Fitch downgraded Russia’s long-term foreign currency Issuer Default Rating, or IDR, from “B” to “C,” a classification that shows major concern for Russia’s ability and willingness to service its debt.

“The further ratcheting up of sanctions, and proposals that could limit trade in energy,” the firm noted, “increase the probability of a policy response by Russia that includes at least selective nonpayment of its sovereign debt obligations.”


That’s because, experts say, Russia is so cut off from global financial systems that it cannot bring in sufficient revenue. Moscow cannot borrow money from eight of the world’s 10 largest economies. Its economy is dependent upon exporting natural resources, and some of its largest customers have cut off relations. Its consumer economy is far too small to support a prolonged war effort, let alone pay off its debts.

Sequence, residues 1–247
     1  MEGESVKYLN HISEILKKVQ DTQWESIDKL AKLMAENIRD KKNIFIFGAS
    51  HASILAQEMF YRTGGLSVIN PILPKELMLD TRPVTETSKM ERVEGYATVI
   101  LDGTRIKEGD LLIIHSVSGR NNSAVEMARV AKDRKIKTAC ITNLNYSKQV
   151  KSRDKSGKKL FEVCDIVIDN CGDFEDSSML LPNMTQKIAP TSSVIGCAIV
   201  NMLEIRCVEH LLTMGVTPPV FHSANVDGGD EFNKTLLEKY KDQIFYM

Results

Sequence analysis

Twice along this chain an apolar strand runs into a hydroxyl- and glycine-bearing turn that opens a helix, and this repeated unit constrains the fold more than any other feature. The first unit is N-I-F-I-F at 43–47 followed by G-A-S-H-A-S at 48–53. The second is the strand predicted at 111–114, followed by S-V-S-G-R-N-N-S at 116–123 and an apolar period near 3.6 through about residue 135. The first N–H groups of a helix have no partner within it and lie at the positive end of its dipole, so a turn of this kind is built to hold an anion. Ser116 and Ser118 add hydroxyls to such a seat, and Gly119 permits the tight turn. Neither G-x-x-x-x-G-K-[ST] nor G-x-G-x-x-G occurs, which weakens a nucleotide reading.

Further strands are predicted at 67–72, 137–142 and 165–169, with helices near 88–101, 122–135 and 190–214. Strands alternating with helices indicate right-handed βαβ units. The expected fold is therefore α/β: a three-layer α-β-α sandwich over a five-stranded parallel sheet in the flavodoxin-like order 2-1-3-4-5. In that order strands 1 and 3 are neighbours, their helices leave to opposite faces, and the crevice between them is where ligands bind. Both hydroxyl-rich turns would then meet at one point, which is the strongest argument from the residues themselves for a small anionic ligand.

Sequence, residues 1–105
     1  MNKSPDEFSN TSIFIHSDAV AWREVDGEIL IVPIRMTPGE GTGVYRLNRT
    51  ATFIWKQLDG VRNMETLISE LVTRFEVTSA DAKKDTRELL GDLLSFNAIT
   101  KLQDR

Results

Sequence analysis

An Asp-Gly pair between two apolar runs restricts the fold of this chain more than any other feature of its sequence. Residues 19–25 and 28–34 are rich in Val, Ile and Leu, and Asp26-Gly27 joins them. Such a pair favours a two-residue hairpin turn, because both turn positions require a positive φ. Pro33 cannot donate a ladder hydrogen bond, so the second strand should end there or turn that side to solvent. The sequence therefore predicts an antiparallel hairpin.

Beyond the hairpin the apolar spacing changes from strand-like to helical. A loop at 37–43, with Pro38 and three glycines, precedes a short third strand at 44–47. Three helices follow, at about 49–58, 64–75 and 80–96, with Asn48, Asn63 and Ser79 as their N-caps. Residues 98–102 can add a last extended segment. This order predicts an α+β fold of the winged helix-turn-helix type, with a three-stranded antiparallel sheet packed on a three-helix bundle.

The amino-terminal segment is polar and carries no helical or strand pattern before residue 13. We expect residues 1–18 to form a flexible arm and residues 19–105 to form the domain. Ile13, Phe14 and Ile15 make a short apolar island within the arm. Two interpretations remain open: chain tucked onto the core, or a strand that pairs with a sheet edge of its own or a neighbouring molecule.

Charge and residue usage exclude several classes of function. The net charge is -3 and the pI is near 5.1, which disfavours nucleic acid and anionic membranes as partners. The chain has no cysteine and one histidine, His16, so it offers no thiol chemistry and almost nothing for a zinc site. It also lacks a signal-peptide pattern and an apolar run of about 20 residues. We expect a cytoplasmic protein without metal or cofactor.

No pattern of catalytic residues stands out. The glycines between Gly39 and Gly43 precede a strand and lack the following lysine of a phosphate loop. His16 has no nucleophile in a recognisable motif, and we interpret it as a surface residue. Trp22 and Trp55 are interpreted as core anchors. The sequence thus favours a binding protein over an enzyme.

Even if it could muster the funds to make the payments, sanctions are blocking Russia’s participation from key global financial clearinghouses. It simply does not have the logistical access to transfer capital.

“Over the very short term, Russia is a pariah. Whether it’s their oil, their economy or their sovereign debt, nobody wants to touch it. The rating agency downgrades reflect that outcast nature, and the prices of Russian debt have plummeted reflecting it,” Ball said. “People who have assets in Russia or deposits in Russia are toast for now and for some time ahead. They can’t get their hands on money or securities or goods or services. They are outcast and they will over the shorter term freeze to death.”

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The Washington Post’s Gerrit De Vynck contributed to this report.